Marc Freedman Marc Freedman
Vice President, Employment Policy, U.S. Chamber of Commerce


May 02, 2024


A new bill was just introduced in Congress that marries the bad old days with the bad new days. The Warehouse Worker Protection Act (WWPA) would result in the Occupational Safety and Health Administration (OSHA) issuing a new ergonomics standard along with giving unions a streamlined approach to organizing warehouses and denying employers their due process rights for certain OSHA citations.

To refresh, at the end of the Clinton Administration, OSHA issued a standard on how employers were to protect their employees from ergonomic hazards, such as repetitive motions, that OSHA believed could lead to musculoskeletal disorders (MSDs) or soft tissue injuries. The regulation was highly controversial at the time, and the subject has remained radioactive.

Shortly after the standard was issued, Congress recorded the first successful use of the Congressional Review Act, invalidating the OSHA ergonomics standard with strong bipartisan support. But, like the 17-year cicadas, the ergonomics standard went underground for a while. Now, the Warehouse Worker Protection Act would allow it to emerge again. For OSHA to proceed with a new regulation, Congress must specifically authorize that to happen, which is what the WWPA would do.  

One of the reasons the ergonomics regulation generated so much opposition was that it would have held employers accountable for employee injuries or strains that happen outside the workplace, but because the workplace could exacerbate them, it would be converted into workplace injuries. If an employee sprained an ankle during a weekend softball game and couldn’t put pressure on that ankle at work, that would become a workplace-related injury that could trigger ergonomic remedial measures.

In some cases, employees do the same activities at home that they do at the workplace, like working on computers. If an employee complained about wrist discomfort or carpal tunnel syndrome, how could an employer distinguish between the home-based computer activities and those at work that could be the source of the problem? The required workplace redesigns would be excessively burdensome, especially for small businesses.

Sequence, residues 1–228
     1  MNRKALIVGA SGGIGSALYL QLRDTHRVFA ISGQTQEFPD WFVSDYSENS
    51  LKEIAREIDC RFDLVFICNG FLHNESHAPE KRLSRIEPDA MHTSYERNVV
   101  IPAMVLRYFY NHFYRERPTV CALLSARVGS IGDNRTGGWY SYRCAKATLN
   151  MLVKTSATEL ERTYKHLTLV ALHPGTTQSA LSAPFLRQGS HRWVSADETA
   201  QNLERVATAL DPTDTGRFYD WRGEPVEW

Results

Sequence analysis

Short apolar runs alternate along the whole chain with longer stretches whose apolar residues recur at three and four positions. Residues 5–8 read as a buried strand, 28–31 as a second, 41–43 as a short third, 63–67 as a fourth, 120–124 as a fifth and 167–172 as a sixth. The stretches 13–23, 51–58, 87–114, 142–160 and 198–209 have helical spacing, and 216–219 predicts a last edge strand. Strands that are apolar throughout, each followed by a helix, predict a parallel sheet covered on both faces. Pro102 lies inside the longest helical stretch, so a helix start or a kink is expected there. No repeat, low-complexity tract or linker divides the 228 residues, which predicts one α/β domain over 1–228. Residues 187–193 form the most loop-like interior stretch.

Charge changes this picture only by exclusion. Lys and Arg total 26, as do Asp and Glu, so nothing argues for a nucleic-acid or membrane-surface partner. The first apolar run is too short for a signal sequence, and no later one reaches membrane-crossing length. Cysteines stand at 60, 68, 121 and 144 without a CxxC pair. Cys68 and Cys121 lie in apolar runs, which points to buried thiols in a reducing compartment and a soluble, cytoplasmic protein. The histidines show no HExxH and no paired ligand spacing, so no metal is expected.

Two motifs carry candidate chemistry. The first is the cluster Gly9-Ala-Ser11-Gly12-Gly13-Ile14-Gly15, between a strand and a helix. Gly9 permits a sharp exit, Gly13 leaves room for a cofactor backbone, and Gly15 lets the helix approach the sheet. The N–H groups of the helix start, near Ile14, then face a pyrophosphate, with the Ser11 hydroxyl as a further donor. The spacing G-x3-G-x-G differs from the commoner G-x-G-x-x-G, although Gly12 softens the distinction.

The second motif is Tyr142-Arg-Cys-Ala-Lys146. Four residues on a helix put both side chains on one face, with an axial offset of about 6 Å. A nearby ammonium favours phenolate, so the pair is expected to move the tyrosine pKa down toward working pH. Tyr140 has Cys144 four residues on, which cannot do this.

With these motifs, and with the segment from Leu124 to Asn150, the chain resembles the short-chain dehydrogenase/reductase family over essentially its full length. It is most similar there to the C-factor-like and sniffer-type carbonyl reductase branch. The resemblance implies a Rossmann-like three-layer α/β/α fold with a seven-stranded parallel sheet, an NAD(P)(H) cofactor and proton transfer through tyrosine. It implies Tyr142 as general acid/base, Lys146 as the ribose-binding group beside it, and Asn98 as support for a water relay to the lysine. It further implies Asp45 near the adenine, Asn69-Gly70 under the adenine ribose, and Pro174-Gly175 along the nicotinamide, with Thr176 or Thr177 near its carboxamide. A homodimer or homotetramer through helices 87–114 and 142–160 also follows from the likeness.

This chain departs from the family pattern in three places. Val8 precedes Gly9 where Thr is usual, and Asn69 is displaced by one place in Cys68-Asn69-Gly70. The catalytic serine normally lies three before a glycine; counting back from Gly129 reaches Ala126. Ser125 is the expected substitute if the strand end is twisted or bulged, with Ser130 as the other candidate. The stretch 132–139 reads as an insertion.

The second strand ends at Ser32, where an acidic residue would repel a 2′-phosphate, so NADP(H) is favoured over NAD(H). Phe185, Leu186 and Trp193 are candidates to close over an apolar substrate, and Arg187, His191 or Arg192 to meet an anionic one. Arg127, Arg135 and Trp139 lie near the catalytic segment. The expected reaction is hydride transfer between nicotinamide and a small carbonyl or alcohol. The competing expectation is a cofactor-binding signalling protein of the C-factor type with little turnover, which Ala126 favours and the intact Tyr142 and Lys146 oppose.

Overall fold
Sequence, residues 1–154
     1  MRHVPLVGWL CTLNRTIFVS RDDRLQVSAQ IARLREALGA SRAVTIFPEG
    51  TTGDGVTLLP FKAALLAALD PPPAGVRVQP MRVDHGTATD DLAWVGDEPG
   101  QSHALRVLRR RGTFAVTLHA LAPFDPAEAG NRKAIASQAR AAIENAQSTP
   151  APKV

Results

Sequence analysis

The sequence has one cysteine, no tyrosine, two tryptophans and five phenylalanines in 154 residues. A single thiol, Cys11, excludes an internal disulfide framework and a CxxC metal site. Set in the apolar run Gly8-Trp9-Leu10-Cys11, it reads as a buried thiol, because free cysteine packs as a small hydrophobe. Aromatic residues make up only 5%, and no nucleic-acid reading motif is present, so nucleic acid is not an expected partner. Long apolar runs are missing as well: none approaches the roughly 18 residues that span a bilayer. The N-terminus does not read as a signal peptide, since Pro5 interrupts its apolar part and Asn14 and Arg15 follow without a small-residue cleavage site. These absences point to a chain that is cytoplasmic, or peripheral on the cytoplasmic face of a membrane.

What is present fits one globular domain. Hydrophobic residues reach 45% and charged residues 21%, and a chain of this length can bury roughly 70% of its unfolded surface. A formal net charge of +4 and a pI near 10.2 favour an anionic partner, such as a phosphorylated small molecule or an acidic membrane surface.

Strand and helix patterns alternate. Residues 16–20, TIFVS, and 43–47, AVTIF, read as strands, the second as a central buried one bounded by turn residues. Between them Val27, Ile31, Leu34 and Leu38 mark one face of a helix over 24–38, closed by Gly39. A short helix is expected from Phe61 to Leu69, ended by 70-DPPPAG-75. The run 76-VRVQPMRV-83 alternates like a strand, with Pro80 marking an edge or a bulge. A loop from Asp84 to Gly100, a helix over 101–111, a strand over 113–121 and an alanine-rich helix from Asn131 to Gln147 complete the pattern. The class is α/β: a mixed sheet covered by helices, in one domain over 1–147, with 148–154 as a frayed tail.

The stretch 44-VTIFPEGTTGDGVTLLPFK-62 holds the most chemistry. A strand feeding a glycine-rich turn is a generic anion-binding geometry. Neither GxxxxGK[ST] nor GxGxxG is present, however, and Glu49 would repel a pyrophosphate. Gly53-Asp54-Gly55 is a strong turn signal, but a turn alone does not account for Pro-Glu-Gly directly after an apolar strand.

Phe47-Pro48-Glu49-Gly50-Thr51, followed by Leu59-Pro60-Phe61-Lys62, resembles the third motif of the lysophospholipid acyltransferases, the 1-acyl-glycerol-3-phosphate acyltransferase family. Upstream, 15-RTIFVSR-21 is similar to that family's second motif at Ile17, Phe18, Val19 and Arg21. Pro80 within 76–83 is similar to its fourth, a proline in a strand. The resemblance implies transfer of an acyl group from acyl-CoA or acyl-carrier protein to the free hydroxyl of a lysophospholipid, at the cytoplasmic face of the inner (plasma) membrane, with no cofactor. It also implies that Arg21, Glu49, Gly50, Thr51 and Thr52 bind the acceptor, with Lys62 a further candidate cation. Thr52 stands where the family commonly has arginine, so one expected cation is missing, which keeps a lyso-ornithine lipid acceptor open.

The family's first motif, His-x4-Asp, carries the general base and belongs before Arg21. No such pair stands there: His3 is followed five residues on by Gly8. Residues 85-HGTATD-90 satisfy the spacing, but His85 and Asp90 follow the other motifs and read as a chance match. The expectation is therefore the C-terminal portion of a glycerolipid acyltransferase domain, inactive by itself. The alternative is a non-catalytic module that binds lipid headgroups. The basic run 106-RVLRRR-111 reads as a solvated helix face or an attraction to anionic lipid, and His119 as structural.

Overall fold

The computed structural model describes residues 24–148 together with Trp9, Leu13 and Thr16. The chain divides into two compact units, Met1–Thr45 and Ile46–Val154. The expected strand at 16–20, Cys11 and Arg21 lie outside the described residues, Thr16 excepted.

Under the WWPA, employers would be required to include employees or their representatives in identifying hazards and ergonomic job evaluations. This would lead to unions deciding how workplaces will be designed for maximum union benefit. And hazard control “may rely on the principles of hierarchy of controls”—this means that employers could be required to redesign workplaces under the engineering controls prong of the hierarchy, the highest and most expensive level of protection, which is characterized by reconfiguring a workplace. 

In addition to resurrecting the most odious OSHA regulation in the agency's history, the bill would also give unions a greased path to organizing warehouses. The bill creates a new unfair labor practice (ULP) if an employer imposes an employee quota “that significantly discourages or prevents, or [is] intended to significantly discourage or prevent, an employee from exercising” their NLRA Section 7 rights to organize. When this new ULP is coupled with the NLRB’s Cemex decision that imposes a card check organizing process if a company is found to have committed a ULP, it will provide a green light for unions to organize any warehouse or distribution facility covered by this bill.

Finally, the bill would also mean employers who receive a willful or repeat violation citation (for any violation, not just those covered by this bill) would be required to abate the alleged hazard before they have exhausted their ability to challenge the citation. Current law lets employers pursue their challenges as far as they can before having to abate an alleged hazard.

Hazard abatement is often considerably more expensive than the penalties of a violation. Under the bill, they will have to abate an alleged hazard regardless of whether they prevail on their challenge, thereby denying them their due process rights. 

The WWPA is a bad bill whose time has not come.

About the authors

Marc Freedman

Marc Freedman

Marc Freedman is vice president of workplace policy at the U.S. Chamber of Commerce. He develops and advocates the Chamber’s response to OSHA matters; FLSA issues such as overtime, minimum wage, and independent contractors; paid leave issues; EEOC, and other labor and workplace issues.

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